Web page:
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Preserving by the Pint: Quick Seasonal Canning for Small Spaces from the author of Food in Jars Hardcover – March 25, 2014
"Rebound" by Kwame Alexander
Don't miss best-selling author Kwame Alexander's "Rebound," a new companion novel to his Newbery Award-winner, "The Crossover," illustrated with striking graphic novel panels. Learn more
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Being safe does not have to be complicated and this book is a perfect example of clear, straightforward instructions that incorporate proper safety methods. I would add that before use jars first be washed, either in the dishwasher or by hand, as an initial step although sitting in hot water would probably take care of most issues.
Instructions on how to properly preserve food are a necessity and, in this book, done as painlessly as possible, but the fun part are the recipes, and this is where the book truly shines. The author has taken some usual canning recipes and re-invented them. If you look at enough canning books you see many of the same recipes presented almost in identical form over and over again. Corn relish recipe, dilly beans and peach jam are just a few and granted are a good starting point, but now I want more complex flavors than those I was satisfied with when I began canning.
This book is the perfect example of why I keep searching out new recipes -- the author has created interesting combinations like Salted Brown Sugar Peach Jam, Pear Jam with Chocolate and even Pickled Nectarine slices. These are recipes not found in every book on preserving, and they create special canned goods not found sitting on every shop shelf.
More examples -- I have a go-to recipe for a tomato based Mango Salsa that I like very much but tried and liked the one in this book which does not use any tomatoes. The pickled garlic recipe I prepare year around does not use red wine vinegar like the one in this book, so I tested it and found another winner.
And since the batches are small, so is the risk just in case something is not to the user's taste. Oh, I did notice the recipe for Blender Salsa did not mention the required head space but the author's general directions found at the front of the book permit the user to handle any minor problem - and according to those instructions, since this is a thicker product, 1/2 inch head space should be used.
Note there are a number of refrigerator canning recipes which are preserved and stored in the fridge, rather than the pantry shelf. I appreciated that there was not any weird pectin required that is only available by mail order, or recipes filled with other difficult to find ingredients. Almost everything in this book is readily available when in season.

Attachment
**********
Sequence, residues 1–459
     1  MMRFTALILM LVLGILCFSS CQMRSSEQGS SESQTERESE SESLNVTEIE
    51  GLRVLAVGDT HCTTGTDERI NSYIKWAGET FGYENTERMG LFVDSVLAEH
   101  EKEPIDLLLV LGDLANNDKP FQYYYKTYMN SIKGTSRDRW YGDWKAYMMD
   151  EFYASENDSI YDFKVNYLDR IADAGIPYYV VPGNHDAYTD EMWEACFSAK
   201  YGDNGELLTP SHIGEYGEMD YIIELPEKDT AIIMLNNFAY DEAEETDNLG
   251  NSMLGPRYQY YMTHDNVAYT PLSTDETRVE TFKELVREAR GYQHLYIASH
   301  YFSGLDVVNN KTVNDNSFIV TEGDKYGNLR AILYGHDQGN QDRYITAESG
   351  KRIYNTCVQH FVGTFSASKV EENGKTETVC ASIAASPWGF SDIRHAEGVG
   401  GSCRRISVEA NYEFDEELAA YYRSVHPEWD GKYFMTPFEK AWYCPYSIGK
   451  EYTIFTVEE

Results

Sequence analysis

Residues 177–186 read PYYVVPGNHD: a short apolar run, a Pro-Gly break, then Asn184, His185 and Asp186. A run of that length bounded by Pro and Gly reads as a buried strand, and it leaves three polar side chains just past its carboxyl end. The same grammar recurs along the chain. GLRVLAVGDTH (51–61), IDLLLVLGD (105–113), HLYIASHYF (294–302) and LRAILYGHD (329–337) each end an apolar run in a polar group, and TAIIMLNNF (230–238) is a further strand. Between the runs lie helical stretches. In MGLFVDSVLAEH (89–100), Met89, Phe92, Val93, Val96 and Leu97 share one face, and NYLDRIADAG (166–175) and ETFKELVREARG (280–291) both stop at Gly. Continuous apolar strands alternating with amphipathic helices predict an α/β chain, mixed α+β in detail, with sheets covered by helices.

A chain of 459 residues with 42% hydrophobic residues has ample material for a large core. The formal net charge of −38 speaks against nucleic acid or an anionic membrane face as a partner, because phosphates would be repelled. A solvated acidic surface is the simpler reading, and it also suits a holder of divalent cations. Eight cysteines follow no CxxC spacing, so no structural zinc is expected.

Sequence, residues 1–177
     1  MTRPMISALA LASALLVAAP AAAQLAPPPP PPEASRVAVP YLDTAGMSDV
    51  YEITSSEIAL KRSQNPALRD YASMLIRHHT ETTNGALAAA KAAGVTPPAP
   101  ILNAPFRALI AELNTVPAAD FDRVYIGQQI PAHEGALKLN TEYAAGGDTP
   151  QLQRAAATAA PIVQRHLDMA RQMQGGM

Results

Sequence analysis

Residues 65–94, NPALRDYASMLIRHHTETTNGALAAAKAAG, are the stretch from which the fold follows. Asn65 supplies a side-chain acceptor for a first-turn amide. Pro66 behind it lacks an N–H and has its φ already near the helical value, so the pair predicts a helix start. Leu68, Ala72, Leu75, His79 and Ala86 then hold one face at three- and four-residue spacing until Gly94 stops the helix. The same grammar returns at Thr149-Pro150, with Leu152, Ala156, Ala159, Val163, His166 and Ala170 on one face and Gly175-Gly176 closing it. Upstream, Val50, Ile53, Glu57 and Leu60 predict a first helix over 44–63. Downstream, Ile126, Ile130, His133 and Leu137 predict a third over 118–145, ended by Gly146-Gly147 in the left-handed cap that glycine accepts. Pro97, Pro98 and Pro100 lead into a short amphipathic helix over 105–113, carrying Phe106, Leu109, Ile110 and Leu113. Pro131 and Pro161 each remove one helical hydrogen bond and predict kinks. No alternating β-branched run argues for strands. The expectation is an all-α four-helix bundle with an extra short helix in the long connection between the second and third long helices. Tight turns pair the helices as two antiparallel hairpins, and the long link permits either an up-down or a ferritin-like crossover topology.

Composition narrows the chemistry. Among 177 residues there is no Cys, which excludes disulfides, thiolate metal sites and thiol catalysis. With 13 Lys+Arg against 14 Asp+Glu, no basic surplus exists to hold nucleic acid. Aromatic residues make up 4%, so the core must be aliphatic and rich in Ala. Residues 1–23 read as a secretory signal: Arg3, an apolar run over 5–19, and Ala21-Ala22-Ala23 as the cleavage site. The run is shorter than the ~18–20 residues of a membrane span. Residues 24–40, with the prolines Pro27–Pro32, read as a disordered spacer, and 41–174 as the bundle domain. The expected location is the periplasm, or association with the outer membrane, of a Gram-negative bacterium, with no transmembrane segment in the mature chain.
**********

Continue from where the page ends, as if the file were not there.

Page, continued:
About the book -- there are color photos sprinkled through the book which is generous and not nearly as important with canning recipes as with other cookbooks where the final appearance of the dish is sometimes hard to predict . Black ink is used throughout the book which makes reading the recipes from the distance of standing height to the counter top possible, although the font size is a small 9 point but mercifully the font is bolded for the ingredient portion of the recipe. The headings a muted red color ink. Reasonably sturdy paper is used but spills should be wiped up quickly because the paper warps almost on contact. A cookbook holder might be a good idea to protect the pages.
Organized by season the focus is logically on the availability of produce. Canning is not just about the preserving, but also involves the experience of picking your own fruits and vegetables or hand selecting items at farmers markets and farm stands, buying locally when items are in season. So, the user can turn in the book to the appropriate season and search out recipes to try and watch for the items as they appear at market.
Looking ahead and planning what to make for each season is an enjoyable anticipatory activity. Homemade jam and pickles are favorite gifts to give because people always seem happy to receive a jar, and it is such a small gesture that it seems to avoid any need the recipient might feel to reciprocate. For me, this is the best kind of gift - one without strings. I can show my genuine appreciation or affection and not create any obligation.
The book is full of fresh and new ideas. The project is obviously carefully crafted and I am so impressed with the final result. Highly recommend.
One of the big challenges of canning is that, barring tomatoes, dill pickles, and jams, a lot of recipes for preserves ended up less appealing that whatever you could buy shipped in from the grocery store. So, a lot of work goes to waste. This book, the perfect follow-up to Food in Jars, starts to change that. It's preserves that you're actually going to want to dive into, mid-winter.
So far, given it is just the beginning of the growing season, the only thing I have tried is the rhubarb chutney. This has been such a huge hit that I am going to have to make another batch. My pickiest friend devoured it at dinner last night! If I never made another recipe out this book, this chutney is worth the price of the book. Next, pickled asparagus!
Complete directions at the front are informative without drowning the reader in details. Using
typical kitchen tools, not huge vats of boiling water and bubbling too, you enjoy saving some
nice additions to family fare. I always hated
canning. Recipes were too big and mostly jelly or jam we did not need. I love this book, as well as the author's " food in jar".
I'm not going to use it much and find it a disappointment, as the site I found it recommended on made it sound like a good source for recipes for those small batches of fruits that are too small for the usual recipes. I didn't expect that they would have done this by combining them with pretty much anything else that is in season at the same time.